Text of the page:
After Twitter and Facebook become more mainstream, Twitpic launched. Although we were one of the first services out there, Twitpic was US based and had a Twitter-related name, which really helped them grow.

We got a lot of traction in The Netherlands initially, when Twitter was not mainstream. Since then we have been able to license our platforms with a number of different global companies. For example, we partnered with Universal Studios here in Holland and launched a platform for the Intel Developer Conference in the US last fall.

We just want to focus on the best features, best apps, best APIs, right partners, evangelists, best support and working with developers to include our APIs. We are already in over 1000 apps/sites/services.

With its rivals mostly based out of the US, Van Abbe is looking to open shop in America, having already visited the country to browse for locations eight times in the past year. The company is completely bootstrapped so far, meaning it wouldn’t require investment capital but Van Abbe says “it is a difficult decision” because the company is “approached by VCs, angels and publishers every week”.

Additional funding could help the company partner with app developers to grow the service, but with more than just one Twitter product at its disposal, the company already has the means to raise capital on its own.

Twitter image hosting is all about ease of use and reliability. Many users have felt insulted by the fact that some services are willing to sell their photos and have since moved, but the real way to stay in control of photos is to host them on a private server and then try to upload any third-party use. With many Twitter users snapping pictures of their everyday lives, they don’t feel the need to set up their own service when they have a number of companies that will do it for them.

Improving The Service

For a service that doesn’t use traditional means of monetizing its service, Mobypicture has to innovate to ensure that people are inspired to use the service once they see it. As it stands, Mobypicture is functional but it doesn’t have a strong design, one that makes it stand out from the other services out there. With services like Instagram making a splash with its functional and unique design, Mobypicture could look to incorporate more style than its traditional white layout. A greater call to action, or more prominent signup button would also help incentivise users to register.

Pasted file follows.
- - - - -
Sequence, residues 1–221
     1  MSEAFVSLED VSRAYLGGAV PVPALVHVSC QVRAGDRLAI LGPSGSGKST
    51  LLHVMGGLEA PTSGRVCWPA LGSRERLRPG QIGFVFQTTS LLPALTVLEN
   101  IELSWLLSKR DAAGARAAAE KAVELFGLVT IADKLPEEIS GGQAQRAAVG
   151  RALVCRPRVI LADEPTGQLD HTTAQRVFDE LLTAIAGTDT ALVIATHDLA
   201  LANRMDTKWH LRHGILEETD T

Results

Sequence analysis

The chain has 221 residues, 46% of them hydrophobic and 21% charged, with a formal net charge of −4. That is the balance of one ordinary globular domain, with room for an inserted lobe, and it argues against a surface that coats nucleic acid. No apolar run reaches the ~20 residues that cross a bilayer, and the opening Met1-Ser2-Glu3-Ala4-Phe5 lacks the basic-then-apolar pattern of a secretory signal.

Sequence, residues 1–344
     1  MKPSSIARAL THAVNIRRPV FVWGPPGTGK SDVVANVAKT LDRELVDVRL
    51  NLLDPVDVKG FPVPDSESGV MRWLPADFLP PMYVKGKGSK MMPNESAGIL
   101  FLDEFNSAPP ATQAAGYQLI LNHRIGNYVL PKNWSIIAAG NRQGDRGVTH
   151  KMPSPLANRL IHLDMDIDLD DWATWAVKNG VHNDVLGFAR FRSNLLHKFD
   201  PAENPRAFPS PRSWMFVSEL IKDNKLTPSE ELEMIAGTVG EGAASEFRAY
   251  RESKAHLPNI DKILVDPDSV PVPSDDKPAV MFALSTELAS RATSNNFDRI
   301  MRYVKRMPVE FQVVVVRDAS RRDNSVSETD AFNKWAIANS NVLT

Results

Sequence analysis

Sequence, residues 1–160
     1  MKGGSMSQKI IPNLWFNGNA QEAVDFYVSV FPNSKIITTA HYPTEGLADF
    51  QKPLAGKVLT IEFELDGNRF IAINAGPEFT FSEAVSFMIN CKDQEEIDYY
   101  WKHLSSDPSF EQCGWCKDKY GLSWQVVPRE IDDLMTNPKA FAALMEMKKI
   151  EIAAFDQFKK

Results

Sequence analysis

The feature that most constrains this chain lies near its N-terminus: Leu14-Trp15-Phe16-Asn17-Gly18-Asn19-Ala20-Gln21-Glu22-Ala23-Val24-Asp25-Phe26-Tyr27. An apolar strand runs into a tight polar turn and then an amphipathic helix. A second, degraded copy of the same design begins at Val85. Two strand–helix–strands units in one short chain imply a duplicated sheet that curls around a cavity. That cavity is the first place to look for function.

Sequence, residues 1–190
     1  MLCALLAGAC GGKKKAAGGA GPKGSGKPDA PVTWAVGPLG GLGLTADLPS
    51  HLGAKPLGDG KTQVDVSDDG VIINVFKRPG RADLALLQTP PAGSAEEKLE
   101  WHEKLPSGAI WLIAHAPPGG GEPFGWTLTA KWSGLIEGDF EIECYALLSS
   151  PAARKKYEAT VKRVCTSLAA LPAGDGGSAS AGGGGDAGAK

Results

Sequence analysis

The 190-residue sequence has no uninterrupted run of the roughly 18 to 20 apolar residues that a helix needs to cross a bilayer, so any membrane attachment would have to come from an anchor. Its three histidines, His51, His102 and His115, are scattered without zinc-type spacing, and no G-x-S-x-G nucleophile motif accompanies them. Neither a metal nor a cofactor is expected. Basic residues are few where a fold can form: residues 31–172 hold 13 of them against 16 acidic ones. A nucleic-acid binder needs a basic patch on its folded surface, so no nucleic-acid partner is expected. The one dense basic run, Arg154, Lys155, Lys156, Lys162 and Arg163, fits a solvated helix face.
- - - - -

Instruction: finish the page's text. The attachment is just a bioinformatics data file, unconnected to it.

To gain more users, Mobypicture does need to ensure it is present in the most popular Twitter apps. Currently, it is present in Seesmic and Tweetdeck, but does not feature in all of the cross-platform apps (not in ChromeDeck for example). The same goes for Twitter itself, the service is live on Twitter for iPhone yet it doesn’t appear within the Twitter for Mac client. It might not necessarily be a fault on Mobypicture’s part but having a uniform presence across all apps (at least those that don’t charge) is a necessity to become the most well-known service.

The photo sharing market is competitive, there are significant amounts of money being made by the major players in the space. Noah Everitt, founder of Twitpic has already turned down a $10 million dollar offer for the service, which showed its usefulness when a member of the rescue party heading to the scene of the Hudson Plane Crash tweeted a picture of the plane as he approached.

Widespread adoption might not be about money, it might just be having that all important viral hit to make you visible in the public’s consciousness. I get the impression Mobypicture would take that in an instant but the company has made sure to diversify its platform so that it can be utilised commercially by event organisers and corporates, so it doesn’t have to water down the experience for the most important factor in its business – its users.